Pressure For Perfection: Combating Eating Disorders on College Campuses

It’s no secret that individuals suffer from eating disorders on college campuses across the country. In fact, former UC Berkeley student Kim Russo calls college “a perfect setting for an eating disorder to blossom.” She accredits this truth to the competitive nature of these years as well as the environment that often breeds self-criticism and comparison.

Eating Disorders on College Campuses

As a result of her experience on a high-pressure campus, she founded Body Peace in 2012. Body Peace is a UC Berkeley student-run support group for eating disorders and body image issues. Russo, who graduated from Cal Berkeley in 2016 with a PhD in psychology and behavioral neuroscience, noticed that there weren’t “feminist or women’s empowerment groups” on campus at the undergraduate level when she first enrolled. Having identified the importance of healthy body image and self-esteem during her college years, she felt this needed to be remedied.

It was noted in a recent Berkeley-specific, National College Health Assessment survey that “roughly 5.8 percent of undergrad and graduate students experience problems related to eating disorders, with 2 percent revealing that the disorders have affected their academic performance—be that receiving lower grades on exams or dropping courses completely. And in recent years, there’s been an uptick in students seeking help at the university.” One question remains unanswered: Are eating disorder rates on the rise, or has the awareness campaign contributed to services being utilized more frequently and openly, resulting in more documented cases? 

Questionnaires from University Health Services at Berkeley

In an attempt the shed more light on this phenomenon, Toby Morris, clinical dietitian at Berkeley’s University Health Services, began giving lectures and quizzes on campus to try and gauge students’ relationship with food. The questionnaires contain questions such as, “Have you engaged in one or more disordered eating behaviors within the last six months.” Results suggest that the vast majority of people are engaging in disordered behaviors although they may not meet specific criteria for an eating disorder.” Morris reports some behaviors include purging, smoking cigarettes as a weight loss technique, fasting a day or more, extreme eating and exercise behaviors.

One way to categorize such behaviors among this population via a DSM-5 diagnosis is OSFED (Formerly known as EDNOS: eating disorders not otherwise specified). OSFED suggests an individual is exhibiting some combination of disordered behaviors that may not meet criteria for a “classic” disorder such as anorexia or bulimia, but that behaviors are complex enough to warrant a treatable diagnosis. Morris postulates that, although there are more individuals seeking various forms of treatment at the mental health clinic on campus, “I doubt that there’s more students overall with eating disorders. I’m hoping that it’s just that the word is out that we have this service.”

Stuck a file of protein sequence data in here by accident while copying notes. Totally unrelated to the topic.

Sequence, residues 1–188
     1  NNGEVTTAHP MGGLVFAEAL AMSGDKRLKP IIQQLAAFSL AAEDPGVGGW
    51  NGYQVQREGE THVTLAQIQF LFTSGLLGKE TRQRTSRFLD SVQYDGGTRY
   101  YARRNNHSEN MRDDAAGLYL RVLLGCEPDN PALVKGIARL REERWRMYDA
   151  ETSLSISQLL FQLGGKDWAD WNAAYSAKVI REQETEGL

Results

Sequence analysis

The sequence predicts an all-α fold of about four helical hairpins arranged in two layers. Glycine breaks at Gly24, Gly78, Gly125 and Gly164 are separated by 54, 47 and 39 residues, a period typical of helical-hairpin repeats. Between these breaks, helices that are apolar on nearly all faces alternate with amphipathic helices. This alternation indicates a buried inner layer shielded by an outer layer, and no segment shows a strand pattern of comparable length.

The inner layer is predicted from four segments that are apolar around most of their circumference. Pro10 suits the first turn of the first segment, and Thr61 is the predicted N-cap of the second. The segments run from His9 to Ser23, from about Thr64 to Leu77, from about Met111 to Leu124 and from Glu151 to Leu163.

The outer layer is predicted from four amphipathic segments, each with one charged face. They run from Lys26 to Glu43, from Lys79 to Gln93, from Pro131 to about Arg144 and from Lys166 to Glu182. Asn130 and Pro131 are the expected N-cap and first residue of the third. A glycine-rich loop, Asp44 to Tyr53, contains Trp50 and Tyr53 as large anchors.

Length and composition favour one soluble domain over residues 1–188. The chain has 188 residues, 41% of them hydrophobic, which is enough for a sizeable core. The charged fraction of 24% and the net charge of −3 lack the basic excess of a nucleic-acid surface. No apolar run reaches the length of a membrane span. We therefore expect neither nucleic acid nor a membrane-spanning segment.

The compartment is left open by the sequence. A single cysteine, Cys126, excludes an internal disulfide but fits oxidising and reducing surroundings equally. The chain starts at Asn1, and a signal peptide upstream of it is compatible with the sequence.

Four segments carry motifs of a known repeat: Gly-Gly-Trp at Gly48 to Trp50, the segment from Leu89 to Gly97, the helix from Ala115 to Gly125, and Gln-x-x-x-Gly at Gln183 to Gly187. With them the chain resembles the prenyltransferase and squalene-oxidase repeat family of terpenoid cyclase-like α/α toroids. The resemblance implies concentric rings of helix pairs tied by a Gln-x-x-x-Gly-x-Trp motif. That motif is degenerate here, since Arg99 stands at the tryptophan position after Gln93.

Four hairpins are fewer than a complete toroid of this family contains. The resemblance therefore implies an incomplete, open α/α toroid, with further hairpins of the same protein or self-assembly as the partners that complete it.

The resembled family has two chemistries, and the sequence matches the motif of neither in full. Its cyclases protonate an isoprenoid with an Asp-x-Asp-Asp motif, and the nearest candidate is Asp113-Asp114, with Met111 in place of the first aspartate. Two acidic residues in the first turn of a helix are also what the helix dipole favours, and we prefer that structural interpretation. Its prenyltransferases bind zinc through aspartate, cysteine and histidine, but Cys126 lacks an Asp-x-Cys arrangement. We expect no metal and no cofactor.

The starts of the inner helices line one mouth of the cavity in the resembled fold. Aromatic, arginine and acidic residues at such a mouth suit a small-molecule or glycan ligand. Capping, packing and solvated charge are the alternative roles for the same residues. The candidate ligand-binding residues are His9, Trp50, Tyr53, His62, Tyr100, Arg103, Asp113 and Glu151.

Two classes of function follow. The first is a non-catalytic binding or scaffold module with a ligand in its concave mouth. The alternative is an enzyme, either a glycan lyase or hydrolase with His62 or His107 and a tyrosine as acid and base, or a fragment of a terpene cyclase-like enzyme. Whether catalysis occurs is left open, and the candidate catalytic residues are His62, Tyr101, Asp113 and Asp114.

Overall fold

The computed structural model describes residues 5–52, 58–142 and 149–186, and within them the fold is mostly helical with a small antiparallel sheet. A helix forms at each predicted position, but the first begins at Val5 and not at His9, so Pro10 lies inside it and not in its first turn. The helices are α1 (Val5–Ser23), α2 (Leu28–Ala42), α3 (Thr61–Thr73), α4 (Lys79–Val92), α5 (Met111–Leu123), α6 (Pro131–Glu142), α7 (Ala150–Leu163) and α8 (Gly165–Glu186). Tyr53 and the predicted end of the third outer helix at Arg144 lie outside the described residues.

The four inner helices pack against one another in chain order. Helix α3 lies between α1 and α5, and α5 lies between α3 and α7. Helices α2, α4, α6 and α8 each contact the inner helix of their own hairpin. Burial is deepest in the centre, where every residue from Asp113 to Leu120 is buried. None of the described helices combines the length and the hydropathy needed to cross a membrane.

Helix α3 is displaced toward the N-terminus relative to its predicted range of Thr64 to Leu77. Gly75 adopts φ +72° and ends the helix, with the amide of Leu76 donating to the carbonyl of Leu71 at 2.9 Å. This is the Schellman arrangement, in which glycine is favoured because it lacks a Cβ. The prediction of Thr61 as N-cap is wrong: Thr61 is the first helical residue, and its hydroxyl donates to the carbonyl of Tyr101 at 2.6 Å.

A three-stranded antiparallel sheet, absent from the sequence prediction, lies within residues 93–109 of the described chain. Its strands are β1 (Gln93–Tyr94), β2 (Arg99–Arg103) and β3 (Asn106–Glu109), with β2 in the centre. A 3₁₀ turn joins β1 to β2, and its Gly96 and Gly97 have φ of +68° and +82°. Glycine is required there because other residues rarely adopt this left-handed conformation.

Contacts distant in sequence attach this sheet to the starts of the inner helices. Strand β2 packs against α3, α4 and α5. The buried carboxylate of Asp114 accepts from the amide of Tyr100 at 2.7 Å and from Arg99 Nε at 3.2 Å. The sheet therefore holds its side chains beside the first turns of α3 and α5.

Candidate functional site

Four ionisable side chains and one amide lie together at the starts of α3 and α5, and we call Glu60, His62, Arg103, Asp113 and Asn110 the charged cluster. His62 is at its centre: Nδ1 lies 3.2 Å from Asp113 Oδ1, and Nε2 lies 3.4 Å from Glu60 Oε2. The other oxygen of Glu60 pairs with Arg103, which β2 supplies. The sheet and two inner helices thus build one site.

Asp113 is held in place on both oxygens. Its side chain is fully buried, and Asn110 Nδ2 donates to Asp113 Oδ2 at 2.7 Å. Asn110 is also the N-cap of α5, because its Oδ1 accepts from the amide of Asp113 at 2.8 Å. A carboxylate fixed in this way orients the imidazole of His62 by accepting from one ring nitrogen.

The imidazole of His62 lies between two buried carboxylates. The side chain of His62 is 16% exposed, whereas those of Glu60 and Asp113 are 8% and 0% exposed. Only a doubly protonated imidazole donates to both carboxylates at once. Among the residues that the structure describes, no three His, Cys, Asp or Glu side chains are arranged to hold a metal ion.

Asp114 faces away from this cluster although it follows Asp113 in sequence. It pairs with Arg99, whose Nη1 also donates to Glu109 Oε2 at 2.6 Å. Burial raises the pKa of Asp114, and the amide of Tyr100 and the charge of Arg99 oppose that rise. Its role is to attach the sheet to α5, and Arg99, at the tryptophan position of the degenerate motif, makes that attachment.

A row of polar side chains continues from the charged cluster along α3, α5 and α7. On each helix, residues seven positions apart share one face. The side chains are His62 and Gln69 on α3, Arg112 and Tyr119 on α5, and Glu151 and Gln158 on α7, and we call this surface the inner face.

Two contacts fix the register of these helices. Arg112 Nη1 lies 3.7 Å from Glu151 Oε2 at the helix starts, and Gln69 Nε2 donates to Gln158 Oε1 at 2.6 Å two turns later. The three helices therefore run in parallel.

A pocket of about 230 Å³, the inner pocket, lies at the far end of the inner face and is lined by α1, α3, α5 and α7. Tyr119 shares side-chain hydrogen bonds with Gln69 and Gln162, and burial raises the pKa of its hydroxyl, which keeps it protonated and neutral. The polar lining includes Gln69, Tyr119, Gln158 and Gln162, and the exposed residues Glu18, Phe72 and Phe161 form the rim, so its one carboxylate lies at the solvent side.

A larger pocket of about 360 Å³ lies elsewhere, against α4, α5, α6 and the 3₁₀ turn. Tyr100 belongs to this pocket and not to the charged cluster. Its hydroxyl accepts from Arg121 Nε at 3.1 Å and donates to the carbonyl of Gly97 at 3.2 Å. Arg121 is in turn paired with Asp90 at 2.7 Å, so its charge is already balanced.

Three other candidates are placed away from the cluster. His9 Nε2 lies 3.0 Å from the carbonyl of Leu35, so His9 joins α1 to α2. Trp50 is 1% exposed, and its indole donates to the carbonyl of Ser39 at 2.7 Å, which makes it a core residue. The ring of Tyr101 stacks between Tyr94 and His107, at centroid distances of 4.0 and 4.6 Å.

Body Peace to Combat Body Dissatisfaction

An interesting outcome of Morris’ on-campus surveys and conversations suggested that the most common and worrisome body problem is body dissatisfaction. Morris writes, “Berkeley is a competitive environment, for sure. And these students that get in are already high-achieving, goal-oriented young people…the characteristics that make you a really good student in this competitive environment might also be elements that predispose you to having an eating disorder.”

Body Peace aims to serve such students and has been extremely useful when supporting students who are struggling with body image and body dissatisfaction in its therapy-like, forum setting. The meetings consist of check-ins, educational presentations, relaxation techniques, crafting with messages of body love, open conversations, and so on. The group embraces “body positivity” and has guidelines to ensure no member is sharing harmful or damaging material that may trigger other members.

Morris states, “Changing that paradigm to prevent the development of eating disorders is so important. Because even though I’m in this eating disorder clinic and I’m working on treating the actual eating disorders—I know that working more upstream on changing the culture of the campus and changing how we address body image can help to prevent the eating disorders.”

At Columbus Park, we commend those involved in the development and facilitation of Body Peace for bringing awareness and support to their college campus. Interested in learning more about the development of healthy relationships with food and self? Contact us today.